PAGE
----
• Finished in very rare and sought-after Blu Pozzi
• Highly desirable gated manual transmission
• Factory manuals and books
Assembly No: 28161
5.47 litre 65-degree DOHC 48-valve V-12 engine rated at 485 HP, manual six-speed gearbox with transaxle, independent front and rear suspension with coaxial coil springs with front and rear anti-roll bars, front and rear disc brakes; wheelbase: 98.4"
Few names in automotive history are more synonymous with style, speed, and performance than Ferrari. Over the years, Ferrari has produced some of the most iconic and legendary sports cars of all time from the Ferrari 250 GTO to the later Ferrari 365 GTB Daytona. With a record 16 Formula One World Constructors Championships, Enzo Ferrari built his reputation on dominance at the racetrack, but he knew that he would need to build profitable sports cars in order to fund his ambitious racing efforts. Accordingly, Enzo was responsible for some of the fastest and most beautiful sports cars ever built.
Throughout the postwar period, Ferrari continually pushed the limit by producing innovative designs and incorporating the latest advancements, while at the same time still retaining iconic styling features and familiar lines. Moreover, its legendary V12 engines have always been a constant throughout its history. Smooth, powerful, and with a very distinctive wail, the V12 is considered the heart of any proper Ferrari.
In 1973, Ferrari abandoned the front-engine V12 and concentrated solely on mid-engine designs with the introduction of the 365 GT4 'Boxer' which incorporated a new flat 12-cylinder engine much like that in their Formula One race car of the period. It would be another 23 years before the traditional front-engined V12 would return to the delight of purists and the Ferrari faithful with the introduction of the Ferrari 550 Maranello in 1996. From the onset, the 550 was designed as a traditional, front-engine grand tourer and represented a return to Ferrari's roots. Produced from 1996 to 2001, the Maranello was named after the home of the Ferrari headquarters and the factory where it was built, and it evoked styling elements of its 275 GTB and 365 GTB predecessors. The 550 was proof that a front-engined V12 car could still outperform a mid-engined design, as it was quicker and faster than the Ferrari F512M that it replaced. The Pininfarina design was not only beautiful, but it was particularly aerodynamic allowing a top speed of almost 200 mph. No doubt, Enzo would have been pleased that his preferred layout would carry on his company’s tradition.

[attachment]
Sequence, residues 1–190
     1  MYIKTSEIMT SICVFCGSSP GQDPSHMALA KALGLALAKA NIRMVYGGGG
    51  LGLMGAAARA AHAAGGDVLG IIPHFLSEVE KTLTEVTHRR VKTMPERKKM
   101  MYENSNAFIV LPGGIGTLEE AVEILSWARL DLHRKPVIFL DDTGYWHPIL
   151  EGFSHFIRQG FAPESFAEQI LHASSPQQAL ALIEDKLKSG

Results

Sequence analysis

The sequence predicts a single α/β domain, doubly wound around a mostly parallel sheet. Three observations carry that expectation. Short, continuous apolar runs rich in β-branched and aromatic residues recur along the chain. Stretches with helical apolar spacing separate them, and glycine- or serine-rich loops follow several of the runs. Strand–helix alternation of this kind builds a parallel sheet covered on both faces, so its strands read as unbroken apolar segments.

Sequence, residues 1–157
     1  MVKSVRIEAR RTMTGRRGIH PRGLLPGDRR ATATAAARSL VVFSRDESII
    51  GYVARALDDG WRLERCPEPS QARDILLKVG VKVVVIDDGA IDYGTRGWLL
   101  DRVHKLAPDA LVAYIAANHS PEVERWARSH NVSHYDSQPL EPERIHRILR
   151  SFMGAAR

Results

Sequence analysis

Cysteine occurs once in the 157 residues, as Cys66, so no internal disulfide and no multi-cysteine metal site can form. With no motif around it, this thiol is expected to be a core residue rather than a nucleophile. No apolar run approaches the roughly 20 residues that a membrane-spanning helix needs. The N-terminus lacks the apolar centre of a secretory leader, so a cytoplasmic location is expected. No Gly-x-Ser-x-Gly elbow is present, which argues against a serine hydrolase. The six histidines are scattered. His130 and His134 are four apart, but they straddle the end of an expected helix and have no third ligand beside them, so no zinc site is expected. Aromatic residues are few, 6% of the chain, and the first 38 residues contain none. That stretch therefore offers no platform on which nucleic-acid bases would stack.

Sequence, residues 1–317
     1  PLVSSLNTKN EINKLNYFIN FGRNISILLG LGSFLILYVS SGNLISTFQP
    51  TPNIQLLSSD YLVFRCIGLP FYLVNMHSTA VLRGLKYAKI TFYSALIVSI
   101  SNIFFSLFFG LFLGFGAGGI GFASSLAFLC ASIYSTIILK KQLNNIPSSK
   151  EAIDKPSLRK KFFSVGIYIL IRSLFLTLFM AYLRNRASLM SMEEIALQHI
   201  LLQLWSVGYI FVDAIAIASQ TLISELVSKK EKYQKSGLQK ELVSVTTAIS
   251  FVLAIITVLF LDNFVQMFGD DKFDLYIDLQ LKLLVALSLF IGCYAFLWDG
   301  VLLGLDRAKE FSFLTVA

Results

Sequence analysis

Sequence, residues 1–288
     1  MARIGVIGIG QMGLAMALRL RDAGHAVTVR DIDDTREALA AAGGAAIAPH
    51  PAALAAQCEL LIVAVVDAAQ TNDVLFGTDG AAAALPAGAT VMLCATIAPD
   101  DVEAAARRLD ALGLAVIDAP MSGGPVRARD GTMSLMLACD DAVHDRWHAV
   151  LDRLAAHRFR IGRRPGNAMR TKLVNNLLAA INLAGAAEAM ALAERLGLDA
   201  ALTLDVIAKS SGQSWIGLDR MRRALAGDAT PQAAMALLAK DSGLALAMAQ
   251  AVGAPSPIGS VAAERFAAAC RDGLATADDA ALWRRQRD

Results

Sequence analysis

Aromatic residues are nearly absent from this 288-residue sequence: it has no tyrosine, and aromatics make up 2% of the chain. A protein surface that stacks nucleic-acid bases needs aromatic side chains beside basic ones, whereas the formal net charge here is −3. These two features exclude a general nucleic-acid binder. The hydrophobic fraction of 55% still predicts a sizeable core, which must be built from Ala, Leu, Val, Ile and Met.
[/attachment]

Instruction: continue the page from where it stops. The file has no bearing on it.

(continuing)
Launched to the press at the Nürburgring in 1996, the Maranello was not only faster than its “top of the line” predecessor but, due to its layout, it was also more comfortable and far more practical than the car it replaced. Interestingly, the 550 marked a return to Ferrari’s tradition, but its Tipo F133 engine was the first new V12 design since the “Colombo” derived engines that had powered all of its predecessors. Featuring four valves per cylinder, dual overhead cams, and a variable length intake manifold, the naturally aspirated 65° V12 was the largest to that time and produced nearly 500 horsepower at 7,000 rpm. Fitted with the traditional gated six-speed gearbox and three pedals, the 550 Maranello could accelerate to 100 mph in less than 10 seconds without sacrificing comfort or any amenities.
This particular example comes from a great home and has seen careful use. The vendor states that the car runs and drives beautifully, and it has provided endless enjoyment during his ownership. The Ferrari is finished in the seldom seen and lovely shade of Blu Pozzi which is named in honor of Charles Pozzi, the famous French racing driver and official Ferrari importer in France. The beautiful glossy exterior is complemented by the sumptuous tan leather interior with all the options befitting a grand tourer. With just a shade over 19,000 miles, this 550 is a highly capable performer and has been carefully maintained and serviced as needed. Additionally, it retains it factory books and manuals.
Ferraris in the modern era are one of the few marques that are instant collectibles as soon as they are delivered from the factory. In particular, there has been a lot of interest recently in the later, yet more traditional models, devoid of all the complex driving aids, that provide a purer driving experience, as only a traditional gated manual gearbox connected to a naturally aspirated V12 can deliver. Signature styling features such as the “shark gills” and quad round taillights harkens back to the earlier 275 GTB and 365 GTB designs by the legendary coachbuilder Pininfarina. Exceedingly fast and uncompromisingly built, Ferraris are, and always have been, the absolute pinnacle of beauty and performance. Offered from a large and respected private collection, this 550 Maranello represents the modern yet classic V12 Ferrari at its best.
1998 Ferrari 550 Maranello